Mr. Moe has a new name for me, “Mrs. Wishy Washy”. He says (and I agree) that I’m super wishy washy about how we plan to retire, and he’s right. There are SO MANY options and ways to work it! This blog has been very helpful for me to process those feelings and encourages me to read how others who face similar situations make their own decisions. I have countless “tabs” on my spreadsheet to consider a slew of scenarios. Mr. Moe knows I watch the “books” like a bird of prey, won’t let us get into some dire situation and he implicitly trusts that wherever we go it’ll all work out. He’s much less of a worry wart than I am. We make a good balance.
One thing is for sure: We are in place for the next 3.5 years to allow Miss Moe to complete her high school experience. Why am I being so wishy washy on the below options? Well, looking at the scenarios in detail I think most any analytical thinkers might agree that each have some really great arguments and the one that doesn’t is the most emotionally pleasing.
The Three Scenarios
- Retire at 57 (17 years)
- Work until Mrs. Moe reaches 20 year in service (7 years)
- Semi-retire (3 years)
In 17 years, both Mr. Moe and I will both have the required 30 years and meet minimum federal retirement age (57). Due to our own saving habits this would create a situation of substantial wealth for us.
- Full health benefits (this one is huge with the ACA and healthcare in flux)
- Full and immediate pensions that are adjusted for inflation (20% for Mrs. Moe and 25% for Mr. Moe)
- Social Security stipend (until social security kicks in at 62)
- At 57 we are considered full retirement age (this leaves a lot of life ahead of us – if we’re lucky) to be fully retired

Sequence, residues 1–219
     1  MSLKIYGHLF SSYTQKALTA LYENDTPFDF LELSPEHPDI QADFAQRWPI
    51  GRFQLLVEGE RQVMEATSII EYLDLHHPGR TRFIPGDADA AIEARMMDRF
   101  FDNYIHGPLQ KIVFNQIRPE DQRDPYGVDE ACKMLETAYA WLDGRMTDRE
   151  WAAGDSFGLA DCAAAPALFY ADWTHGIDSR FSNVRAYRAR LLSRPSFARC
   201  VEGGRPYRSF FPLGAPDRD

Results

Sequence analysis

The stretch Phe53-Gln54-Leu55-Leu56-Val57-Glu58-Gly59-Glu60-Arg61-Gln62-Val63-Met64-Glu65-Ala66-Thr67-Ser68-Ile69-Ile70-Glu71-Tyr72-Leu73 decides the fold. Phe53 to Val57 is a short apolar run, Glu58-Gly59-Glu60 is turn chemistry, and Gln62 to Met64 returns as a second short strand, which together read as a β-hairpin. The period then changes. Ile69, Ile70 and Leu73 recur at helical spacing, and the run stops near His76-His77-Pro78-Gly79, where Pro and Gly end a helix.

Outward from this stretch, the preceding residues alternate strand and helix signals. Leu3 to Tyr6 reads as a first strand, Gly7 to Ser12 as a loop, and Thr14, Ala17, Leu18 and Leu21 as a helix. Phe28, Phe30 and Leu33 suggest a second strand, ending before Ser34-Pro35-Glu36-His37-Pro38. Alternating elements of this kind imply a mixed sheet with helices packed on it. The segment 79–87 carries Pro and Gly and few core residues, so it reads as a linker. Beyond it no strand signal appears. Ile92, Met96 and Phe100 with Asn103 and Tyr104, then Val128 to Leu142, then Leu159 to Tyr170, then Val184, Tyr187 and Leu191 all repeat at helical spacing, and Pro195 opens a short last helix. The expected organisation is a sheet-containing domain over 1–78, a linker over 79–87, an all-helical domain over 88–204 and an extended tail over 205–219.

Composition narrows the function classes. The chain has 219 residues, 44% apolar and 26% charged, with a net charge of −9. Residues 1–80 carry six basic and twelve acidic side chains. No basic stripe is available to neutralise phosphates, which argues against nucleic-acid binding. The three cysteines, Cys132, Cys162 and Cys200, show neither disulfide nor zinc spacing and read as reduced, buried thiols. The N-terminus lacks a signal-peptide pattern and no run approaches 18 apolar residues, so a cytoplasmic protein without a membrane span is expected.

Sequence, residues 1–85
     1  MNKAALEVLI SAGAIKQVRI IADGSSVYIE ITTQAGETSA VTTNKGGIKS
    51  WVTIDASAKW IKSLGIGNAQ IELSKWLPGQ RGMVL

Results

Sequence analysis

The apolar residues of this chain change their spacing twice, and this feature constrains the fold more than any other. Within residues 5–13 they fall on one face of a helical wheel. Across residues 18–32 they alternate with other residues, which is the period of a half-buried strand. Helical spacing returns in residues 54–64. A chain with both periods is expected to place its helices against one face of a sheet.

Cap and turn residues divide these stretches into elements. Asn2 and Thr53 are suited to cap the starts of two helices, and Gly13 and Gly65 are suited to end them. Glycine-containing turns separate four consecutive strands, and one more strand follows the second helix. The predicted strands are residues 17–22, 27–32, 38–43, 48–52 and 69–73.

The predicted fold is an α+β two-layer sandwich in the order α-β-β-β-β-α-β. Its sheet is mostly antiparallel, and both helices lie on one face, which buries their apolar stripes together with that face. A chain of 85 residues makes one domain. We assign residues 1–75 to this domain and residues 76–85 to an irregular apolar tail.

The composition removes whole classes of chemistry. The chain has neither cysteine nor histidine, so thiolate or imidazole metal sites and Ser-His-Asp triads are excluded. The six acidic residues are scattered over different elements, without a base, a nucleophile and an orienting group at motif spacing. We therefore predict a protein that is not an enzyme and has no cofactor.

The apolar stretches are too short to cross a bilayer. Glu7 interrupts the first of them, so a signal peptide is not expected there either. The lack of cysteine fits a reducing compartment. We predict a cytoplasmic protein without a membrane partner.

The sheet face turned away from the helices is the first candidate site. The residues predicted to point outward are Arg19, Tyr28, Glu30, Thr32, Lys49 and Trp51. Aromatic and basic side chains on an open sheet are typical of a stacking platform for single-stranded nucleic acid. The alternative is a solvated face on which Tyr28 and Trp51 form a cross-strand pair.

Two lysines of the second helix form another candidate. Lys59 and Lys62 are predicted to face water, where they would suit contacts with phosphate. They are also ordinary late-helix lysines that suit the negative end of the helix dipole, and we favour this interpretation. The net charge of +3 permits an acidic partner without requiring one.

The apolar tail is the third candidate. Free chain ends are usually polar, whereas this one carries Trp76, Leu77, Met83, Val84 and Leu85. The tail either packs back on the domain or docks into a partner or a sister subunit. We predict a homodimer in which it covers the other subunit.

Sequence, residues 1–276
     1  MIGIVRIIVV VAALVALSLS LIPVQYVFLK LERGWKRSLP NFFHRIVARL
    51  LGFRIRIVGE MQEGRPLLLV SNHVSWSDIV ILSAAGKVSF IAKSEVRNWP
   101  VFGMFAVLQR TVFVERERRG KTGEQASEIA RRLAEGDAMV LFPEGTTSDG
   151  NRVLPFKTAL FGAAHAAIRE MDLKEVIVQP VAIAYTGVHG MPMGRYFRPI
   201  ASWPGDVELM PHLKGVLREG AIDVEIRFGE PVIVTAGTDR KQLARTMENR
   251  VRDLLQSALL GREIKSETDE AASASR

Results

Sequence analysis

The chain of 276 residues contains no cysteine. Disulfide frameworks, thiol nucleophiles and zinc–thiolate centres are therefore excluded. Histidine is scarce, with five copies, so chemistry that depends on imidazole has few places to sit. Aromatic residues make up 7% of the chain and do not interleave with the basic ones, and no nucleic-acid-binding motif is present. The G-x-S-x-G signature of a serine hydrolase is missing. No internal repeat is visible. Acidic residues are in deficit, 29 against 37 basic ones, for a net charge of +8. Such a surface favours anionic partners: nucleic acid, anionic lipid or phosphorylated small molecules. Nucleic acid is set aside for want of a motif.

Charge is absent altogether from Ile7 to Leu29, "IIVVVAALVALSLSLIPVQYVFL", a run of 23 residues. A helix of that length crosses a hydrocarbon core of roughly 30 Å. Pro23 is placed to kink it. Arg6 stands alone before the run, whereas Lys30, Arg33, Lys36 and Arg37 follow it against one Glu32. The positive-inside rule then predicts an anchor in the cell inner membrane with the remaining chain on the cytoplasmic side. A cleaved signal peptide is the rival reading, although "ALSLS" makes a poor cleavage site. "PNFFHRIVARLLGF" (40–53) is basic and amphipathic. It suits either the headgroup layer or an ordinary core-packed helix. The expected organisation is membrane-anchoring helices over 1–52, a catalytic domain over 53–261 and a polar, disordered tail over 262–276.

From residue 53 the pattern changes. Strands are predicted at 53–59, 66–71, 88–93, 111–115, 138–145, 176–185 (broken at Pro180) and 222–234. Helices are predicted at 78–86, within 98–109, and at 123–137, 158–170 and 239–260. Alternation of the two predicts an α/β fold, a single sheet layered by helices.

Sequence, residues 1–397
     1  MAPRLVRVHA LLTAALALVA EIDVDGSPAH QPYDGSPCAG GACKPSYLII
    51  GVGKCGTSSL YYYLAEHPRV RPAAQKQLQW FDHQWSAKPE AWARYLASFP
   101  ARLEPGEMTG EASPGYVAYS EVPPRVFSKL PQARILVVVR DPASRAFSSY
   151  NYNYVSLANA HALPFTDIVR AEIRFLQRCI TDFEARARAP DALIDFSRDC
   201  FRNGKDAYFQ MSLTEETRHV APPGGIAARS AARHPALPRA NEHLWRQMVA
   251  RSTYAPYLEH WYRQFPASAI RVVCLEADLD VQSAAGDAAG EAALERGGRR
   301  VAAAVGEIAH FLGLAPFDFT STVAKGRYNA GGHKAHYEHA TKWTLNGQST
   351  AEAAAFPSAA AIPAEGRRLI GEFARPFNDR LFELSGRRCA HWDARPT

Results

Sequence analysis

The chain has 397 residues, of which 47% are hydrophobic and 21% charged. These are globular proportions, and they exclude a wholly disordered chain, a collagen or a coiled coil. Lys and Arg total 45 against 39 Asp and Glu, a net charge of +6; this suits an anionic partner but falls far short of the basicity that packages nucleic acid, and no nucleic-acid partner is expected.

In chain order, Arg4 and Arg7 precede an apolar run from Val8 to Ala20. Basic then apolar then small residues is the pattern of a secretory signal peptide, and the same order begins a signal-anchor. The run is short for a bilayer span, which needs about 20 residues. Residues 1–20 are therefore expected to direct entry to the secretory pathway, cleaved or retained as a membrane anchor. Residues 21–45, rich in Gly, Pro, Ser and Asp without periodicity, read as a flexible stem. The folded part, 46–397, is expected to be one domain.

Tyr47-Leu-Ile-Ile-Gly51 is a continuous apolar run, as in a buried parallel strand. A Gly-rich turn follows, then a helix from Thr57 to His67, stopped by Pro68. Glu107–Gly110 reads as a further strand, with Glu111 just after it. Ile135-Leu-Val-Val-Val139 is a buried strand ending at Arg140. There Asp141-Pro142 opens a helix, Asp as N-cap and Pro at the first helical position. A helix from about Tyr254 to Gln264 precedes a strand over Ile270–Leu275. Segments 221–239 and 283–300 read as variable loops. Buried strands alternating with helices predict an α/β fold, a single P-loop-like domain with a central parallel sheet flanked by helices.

- We have really healthy leave packages by American standards (5 weeks a year, 2 weeks sick time, and every other week one day off for extra hours worked for Mrs. Moe)
- We save the maximum in our retirement plans – so funding a lucrative lifestyle wouldn’t be an issue.
On paper, this is by far the smartest option. By paper. However, life is more complex than what looks right on paper. This would keep us in the DC area for the next seventeen years.
Seven years is another milestone moment in our journey. In seven years, both Mr. and Mrs. will have 20 years of service. This 20 year mark give some unique benefits (though not as many as the full retirement option:
- Pensions at 60 (not adjusted for inflation)
- We would not have to work at all in anything else for the rest of our lives, as we will continue to save the max for retirement + more as we downsize.
- We have really healthy leave packages by American standards (5 weeks a year, 2 weeks sick time, and every other week one day off for extra hours worked for Mrs. Moe).
- We wouldn’t be wealthy, but we surely wouldn’t starve.
On paper, this is the second smartest option. This would keep us in the DC area for the next seven years (it dovetails nicely to when Miss Moe graduates college).